“No matter how hard I’ve tried … I don’t know if I’m going to be able to get a hearing for it,” Ziemke said. “I’m pragmatic enough to know that during a short session this is hard, and with the governor being reluctant … it’s hard. So, you know, typically I wouldn’t run with a bill unless I could get it passed. But I think this is important.”

Holcomb has staked out a firm stand against marijuana legalization in Indiana until it is legalized at the federal level. He softened his stance slightly this month when he said in an interview with Indy Politics that he would be fine with a law setting up a licensing structure for legal cannabis to prepare the state in the event federal law changes.

Huston and Bray also have been cold to the possibility of marijuana legalization during the 2022 legislative session.

Huston has said he will assign any marijuana-related bill to committees, but added that he has yet to be convinced legalizing it in any form is good public policy.

“I’m interested in hearing more of those conversations, but so far, you know, I’ve kind of stayed where I am on it,” Huston said.  “I know we’re going to have members filing bills on this topic, and they’ll have to be assigned to a committee. But, you know, for me, it’s always been about I just want to get to what I think is the right public policy.”

Smaltz did not respond to IBJ’s requests for an interview.

Political observers see Ziemke as generally well-respected in the caucus, serving as assistant majority chair. Her involvement could carry some weight to shift leadership’s minds, said Chad Kinsella, managing director of the Bowen Center for Public Affairs at Ball State University.

Marijuana has long been an issue Democrats push for, so having a Republican in general carry a marijuana bill is necessary for it to pass the legislature where Republicans hold supermajorities in both the House and Senate, Kinsella said.

Many Hoosiers are already on board. In Ball State’s 2018 Hoosier Survey, nearly 80% of respondents said they wanted some form of marijuana legalization, medical or recreational, in Indiana. And 50% of Republican respondents said they were at least in favor of medical legalization.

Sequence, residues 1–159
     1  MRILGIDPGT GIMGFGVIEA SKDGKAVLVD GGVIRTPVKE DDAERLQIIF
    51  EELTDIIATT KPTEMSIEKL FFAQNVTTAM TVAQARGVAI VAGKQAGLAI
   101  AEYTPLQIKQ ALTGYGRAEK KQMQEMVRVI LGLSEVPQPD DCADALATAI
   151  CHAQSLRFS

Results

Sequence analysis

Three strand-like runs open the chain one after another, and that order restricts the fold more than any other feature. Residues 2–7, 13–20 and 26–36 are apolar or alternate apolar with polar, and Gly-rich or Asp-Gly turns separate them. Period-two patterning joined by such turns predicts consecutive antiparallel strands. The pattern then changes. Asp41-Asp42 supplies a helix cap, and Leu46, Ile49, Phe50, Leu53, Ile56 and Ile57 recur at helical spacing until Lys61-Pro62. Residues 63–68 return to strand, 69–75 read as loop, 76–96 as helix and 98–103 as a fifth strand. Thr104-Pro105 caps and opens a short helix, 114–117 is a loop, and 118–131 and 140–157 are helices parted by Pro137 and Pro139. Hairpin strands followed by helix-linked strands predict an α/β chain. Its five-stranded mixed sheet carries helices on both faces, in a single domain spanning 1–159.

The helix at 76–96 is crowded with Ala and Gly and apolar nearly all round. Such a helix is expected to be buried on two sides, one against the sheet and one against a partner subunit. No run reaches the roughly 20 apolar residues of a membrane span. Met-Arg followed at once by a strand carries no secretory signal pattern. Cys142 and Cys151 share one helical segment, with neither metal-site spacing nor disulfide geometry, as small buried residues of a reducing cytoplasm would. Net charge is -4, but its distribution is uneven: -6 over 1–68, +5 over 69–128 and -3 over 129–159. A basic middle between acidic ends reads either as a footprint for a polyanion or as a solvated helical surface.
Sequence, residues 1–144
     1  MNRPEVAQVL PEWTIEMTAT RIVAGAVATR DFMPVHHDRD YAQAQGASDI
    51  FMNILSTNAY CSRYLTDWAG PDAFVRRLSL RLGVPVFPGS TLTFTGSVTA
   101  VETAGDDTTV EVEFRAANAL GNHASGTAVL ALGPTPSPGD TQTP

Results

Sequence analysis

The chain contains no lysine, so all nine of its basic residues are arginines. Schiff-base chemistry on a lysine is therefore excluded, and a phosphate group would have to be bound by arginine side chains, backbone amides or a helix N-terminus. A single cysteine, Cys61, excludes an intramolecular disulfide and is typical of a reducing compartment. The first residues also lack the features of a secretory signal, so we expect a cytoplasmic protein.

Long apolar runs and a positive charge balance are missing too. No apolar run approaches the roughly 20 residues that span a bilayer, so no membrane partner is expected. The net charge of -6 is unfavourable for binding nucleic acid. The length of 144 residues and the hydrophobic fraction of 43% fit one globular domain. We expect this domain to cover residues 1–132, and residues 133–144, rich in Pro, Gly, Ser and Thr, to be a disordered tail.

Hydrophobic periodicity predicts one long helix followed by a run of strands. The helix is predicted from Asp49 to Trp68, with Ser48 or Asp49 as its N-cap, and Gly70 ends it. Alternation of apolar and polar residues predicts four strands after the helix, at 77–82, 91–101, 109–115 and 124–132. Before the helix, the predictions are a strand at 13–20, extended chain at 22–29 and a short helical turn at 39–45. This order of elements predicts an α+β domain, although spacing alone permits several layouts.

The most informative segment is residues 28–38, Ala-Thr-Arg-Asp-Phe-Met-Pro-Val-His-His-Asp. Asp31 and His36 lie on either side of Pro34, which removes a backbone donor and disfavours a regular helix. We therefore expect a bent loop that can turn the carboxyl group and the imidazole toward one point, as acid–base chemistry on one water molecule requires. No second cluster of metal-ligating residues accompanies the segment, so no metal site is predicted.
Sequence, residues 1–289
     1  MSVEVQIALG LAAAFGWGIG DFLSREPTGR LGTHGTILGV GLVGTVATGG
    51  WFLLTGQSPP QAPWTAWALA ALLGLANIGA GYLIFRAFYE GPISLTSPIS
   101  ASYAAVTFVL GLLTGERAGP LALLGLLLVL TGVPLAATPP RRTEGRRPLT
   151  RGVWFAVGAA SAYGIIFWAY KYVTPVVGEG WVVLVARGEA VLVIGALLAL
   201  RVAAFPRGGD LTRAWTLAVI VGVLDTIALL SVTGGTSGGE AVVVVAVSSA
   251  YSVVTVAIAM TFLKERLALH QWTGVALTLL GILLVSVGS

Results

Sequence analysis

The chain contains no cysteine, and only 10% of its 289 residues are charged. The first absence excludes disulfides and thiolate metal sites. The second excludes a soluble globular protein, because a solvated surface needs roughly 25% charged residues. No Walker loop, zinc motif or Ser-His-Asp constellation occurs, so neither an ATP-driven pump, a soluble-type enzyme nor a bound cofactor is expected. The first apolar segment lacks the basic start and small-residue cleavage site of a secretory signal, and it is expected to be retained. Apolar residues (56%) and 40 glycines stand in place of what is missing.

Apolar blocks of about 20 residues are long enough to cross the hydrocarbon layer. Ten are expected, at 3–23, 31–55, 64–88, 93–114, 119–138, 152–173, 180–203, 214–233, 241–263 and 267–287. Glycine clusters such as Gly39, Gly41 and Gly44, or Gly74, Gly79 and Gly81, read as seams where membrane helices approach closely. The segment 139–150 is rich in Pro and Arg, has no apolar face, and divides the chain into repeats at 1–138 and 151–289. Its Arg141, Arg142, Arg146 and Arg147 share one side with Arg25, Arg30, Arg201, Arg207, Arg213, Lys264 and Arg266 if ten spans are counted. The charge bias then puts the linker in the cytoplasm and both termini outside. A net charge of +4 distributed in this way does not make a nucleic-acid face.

When Ziemke conducted her 2021 legislative survey in her district, 60% of respondents to that also said they were in favor of medical marijuana legalization.

Kinsella said with growing public opinion for marijuana legalization and now more members of their own party pushing for legislation, Republican leaders will soon have to come to terms with considering a bill, or they will have to answer to why they are not doing what voters want.

Ziemke said she is working with some House Democrats and the Black Legislative Caucus on her bill.

Rep. Sue Errington, D-Muncie, who typically files marijuana legislation each year in the House said she offered to help Ziemke in any way she could.

“I think it stands a chance, particularly because of the fact that she is a Republican who’s been around for quite a while,” Errington said. “It all still comes down to what the House and Senate leadership decide to do whether they’re ready to take this move or not.”

Rep. Jim Lucas, R-Seymour, another Republican who is the usual champion of marijuana legislation, also said he would be on board with working with Ziemke on her bill.

“The more the merrier,” Lucas said. “I’m supportive of any shape or form of moving this issue forward. It’s not who gets credit for it, as long as we get this done.”